04:45 Landry Ayres: Dr. Neu is pointing out a really important problem here. Since healthcare insurance companies are the middlemen, they are actually the ones paying for what you get from the doctor. To find out what to pay, they individually bill every type of service, communication, treatment, medicine, everything. Direct primary care doctors are trying to bundle that all together to avoid unnecessary overcharging.
05:12 Ryan Neuhofel: So we are third party free, so the only people we bill are our patients, and they are usually pretty happy to get services in that way.
05:22 Tess Terrible: This is Dr. Brandon Alleman and Dr. Nicholas Tomsen. They are also direct primary care doctors.
05:28 Brandon Alleman: Something that we talk about a lot, both with our patients, but also was kind of one of the founding principles of our clinic was that we want our incentives to be aligned with our patients, and the best way to do that is to have a direct relationship with them, that isn’t muddied by a third party. And so for us, when a patient comes in and has a medical concern or a medical question, I don’t, in my decision‐making, need to worry about whether that’s going to be something that’s covered by an insurance product or not, I decide with the patient, is this something that is medically necessary. And then since my relationship is directly with the patient, I can help them to figure out what the best way is to accomplish the thing that’s medically necessary.
06:17 Tess Terrible: I’m sure you’ve heard of the Hippocratic Oath, this is the oath doctors take before entering into medical practice. It’s where we find the phrase, “Do no harm.”
06:27 Landry Ayres: This is exactly what doctors knew Alleman and Tomsen and others are hoping to do: No harm.
06:36 Tess Terrible: It’s difficult to do no harm when healthcare is controlled by a bureaucratic system.
06:42 Landry Ayres: But American healthcare wasn’t always like this. To understand how we got here, we have to go way, way back to the turn of the 19th century.
06:53 Christy Chapin Ford: Before we had a formal welfare state, particularly at the federal level in the United States, people needed to figure out ways to help one another when they fell on bad times.
07:03 Tess Terrible: This is Christy Ford Chapin. She is the author of Ensuring America’s Health: The Public Creation of the Corporate Health Care System.
07:13 Christy Ford Chapin: During the beginning of the 20th century, for example, if you looked at the medical care market, you would see a wide variety of different experiments going on with how to finance and organize medicine, ’cause everybody’s excited, all these new treatments and everything. And so you have unions figuring out ways to get medicine to their members, mutual aid societies, which were often based on ethnicity that were consumer cooperative, where you might have a physician group, but then the members vote in a board that represents the consumers, and they’re the ones who kind of decide salaries and building costs and all that type of thing. Businesses try different models, farmers have their own association, so that’s not everything, but it gives you an idea of the wide variety of things that are going on.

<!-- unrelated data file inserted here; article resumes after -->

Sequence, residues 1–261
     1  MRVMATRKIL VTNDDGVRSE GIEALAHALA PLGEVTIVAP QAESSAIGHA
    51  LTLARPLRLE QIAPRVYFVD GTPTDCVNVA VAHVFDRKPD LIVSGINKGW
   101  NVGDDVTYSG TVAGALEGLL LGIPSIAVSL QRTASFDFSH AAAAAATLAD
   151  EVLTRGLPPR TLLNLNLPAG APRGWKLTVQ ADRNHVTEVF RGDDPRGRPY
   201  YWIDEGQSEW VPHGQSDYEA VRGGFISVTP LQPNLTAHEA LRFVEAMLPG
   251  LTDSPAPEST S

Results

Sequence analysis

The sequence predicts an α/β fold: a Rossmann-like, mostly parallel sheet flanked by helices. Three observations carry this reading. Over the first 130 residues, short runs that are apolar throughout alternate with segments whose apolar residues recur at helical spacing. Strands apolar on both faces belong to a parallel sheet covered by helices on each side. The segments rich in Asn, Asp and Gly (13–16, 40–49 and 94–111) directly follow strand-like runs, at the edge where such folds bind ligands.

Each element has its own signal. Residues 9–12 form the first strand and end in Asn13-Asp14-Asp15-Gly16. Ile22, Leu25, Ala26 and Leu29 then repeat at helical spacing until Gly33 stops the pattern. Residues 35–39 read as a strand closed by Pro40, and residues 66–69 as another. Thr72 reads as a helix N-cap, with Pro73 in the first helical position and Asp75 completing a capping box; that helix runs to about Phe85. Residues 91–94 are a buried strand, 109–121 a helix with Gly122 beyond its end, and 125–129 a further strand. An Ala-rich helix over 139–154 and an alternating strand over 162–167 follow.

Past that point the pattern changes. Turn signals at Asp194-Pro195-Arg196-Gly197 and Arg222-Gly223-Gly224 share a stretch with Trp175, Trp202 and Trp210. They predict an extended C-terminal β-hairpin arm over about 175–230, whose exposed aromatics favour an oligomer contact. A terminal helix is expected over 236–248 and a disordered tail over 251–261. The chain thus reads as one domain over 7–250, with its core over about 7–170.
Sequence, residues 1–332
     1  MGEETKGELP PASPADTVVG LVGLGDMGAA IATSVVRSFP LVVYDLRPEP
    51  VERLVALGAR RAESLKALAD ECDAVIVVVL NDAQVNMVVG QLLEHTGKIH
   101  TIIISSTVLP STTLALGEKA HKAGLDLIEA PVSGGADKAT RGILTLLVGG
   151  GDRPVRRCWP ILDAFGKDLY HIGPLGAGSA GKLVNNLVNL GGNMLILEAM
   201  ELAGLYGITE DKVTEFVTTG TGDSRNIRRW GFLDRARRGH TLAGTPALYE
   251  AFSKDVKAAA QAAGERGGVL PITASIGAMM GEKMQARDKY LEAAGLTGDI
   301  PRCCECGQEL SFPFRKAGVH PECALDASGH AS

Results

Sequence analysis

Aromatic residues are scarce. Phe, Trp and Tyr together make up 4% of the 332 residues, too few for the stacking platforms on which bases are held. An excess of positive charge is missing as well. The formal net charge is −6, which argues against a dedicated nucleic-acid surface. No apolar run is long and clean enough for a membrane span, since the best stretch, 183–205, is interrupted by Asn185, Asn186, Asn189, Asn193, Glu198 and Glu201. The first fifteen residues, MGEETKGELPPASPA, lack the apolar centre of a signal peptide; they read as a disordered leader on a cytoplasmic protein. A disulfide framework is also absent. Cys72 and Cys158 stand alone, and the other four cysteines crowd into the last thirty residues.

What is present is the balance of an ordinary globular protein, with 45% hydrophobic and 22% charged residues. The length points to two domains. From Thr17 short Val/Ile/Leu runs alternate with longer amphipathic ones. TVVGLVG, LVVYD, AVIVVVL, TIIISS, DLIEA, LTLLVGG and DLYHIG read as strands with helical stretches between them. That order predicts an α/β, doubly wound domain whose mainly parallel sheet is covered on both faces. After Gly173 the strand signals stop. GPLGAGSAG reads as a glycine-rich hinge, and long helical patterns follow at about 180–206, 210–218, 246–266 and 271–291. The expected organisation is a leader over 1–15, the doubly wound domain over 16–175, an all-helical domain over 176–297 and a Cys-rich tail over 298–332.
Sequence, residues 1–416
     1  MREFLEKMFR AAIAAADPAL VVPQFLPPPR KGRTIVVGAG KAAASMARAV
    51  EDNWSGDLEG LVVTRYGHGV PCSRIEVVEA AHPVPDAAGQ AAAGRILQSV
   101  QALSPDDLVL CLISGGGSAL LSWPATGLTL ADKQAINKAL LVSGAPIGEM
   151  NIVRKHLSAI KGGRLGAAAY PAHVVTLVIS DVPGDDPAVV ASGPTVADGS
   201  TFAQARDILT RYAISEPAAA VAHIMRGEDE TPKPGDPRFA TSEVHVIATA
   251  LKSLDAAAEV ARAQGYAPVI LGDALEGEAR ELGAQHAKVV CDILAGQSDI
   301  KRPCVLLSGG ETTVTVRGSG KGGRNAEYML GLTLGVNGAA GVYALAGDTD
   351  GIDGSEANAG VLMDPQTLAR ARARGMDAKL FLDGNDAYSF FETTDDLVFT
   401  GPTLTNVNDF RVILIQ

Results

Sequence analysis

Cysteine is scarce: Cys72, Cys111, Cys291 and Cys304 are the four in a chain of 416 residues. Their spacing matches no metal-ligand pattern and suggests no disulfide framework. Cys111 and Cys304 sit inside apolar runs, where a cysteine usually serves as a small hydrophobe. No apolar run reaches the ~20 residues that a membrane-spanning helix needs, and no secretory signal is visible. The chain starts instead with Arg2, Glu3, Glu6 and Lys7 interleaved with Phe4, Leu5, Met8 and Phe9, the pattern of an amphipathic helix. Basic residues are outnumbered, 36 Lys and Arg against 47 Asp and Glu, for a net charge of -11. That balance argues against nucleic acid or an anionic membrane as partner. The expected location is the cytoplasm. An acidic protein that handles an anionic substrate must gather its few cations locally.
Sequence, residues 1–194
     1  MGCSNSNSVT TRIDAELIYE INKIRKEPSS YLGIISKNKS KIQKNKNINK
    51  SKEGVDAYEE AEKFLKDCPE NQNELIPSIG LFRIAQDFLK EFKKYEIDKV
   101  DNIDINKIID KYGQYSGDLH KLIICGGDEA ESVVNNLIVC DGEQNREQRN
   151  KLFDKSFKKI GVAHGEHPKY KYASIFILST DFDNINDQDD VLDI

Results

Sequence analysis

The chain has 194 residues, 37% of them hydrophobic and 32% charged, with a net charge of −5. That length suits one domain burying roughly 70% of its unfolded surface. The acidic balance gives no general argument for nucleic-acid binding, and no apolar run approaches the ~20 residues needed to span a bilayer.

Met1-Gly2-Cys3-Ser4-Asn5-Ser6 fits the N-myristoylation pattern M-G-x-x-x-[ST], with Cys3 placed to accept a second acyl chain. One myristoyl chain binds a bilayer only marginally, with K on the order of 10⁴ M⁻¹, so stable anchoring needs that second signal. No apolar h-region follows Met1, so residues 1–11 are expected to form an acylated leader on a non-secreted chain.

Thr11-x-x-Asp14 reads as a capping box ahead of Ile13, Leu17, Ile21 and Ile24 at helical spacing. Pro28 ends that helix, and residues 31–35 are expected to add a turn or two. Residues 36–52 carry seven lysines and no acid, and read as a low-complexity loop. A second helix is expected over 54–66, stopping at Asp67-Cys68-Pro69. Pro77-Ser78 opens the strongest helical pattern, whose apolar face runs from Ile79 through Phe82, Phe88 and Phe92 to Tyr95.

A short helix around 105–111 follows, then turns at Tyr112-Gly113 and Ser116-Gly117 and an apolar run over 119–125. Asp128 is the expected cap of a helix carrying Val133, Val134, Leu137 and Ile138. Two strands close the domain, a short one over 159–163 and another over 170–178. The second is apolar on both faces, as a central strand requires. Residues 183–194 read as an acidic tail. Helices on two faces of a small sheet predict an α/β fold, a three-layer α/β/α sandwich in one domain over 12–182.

08:04 Christy Ford Chapin: I think the most interesting model, and what I think would become most popular, because progressives and reformers were really behind this and it was popular with consumers, were the prepaid physician groups. So you would have all the different specialties working together on the difficult cases or cases where somebody had a number of different diagnoses. At the end of the day, the physicians would get together and discuss how to handle those and troubleshoot to see if they can figure out what the problem was or how to approach multiple illnesses.
08:34 Christy Ford Chapin: The other thing that was really interesting is a lot of them paid their physicians with a base salary and then a cut of the quarterly bi‐annual profits. And the reason that was so important is because unlike almost any system I can think of today in Western developed countries, unlike that, you actually have a situation with a physician is tied to the bottom line, so it is in their best interest to think carefully about how they use resources.
09:03 Landry Ayres: This was a particularly turbulent time to be a doctor when your place in society was changing pretty rapidly. Doctors were not always as respected as they are today, a lot of medical treatment was done by midwives or others, most of which we would now consider alternative practitioners, but the discoveries of Pasteur and Koch and germ theory were sending shock waves through the field of medicine, and they wanted people to know.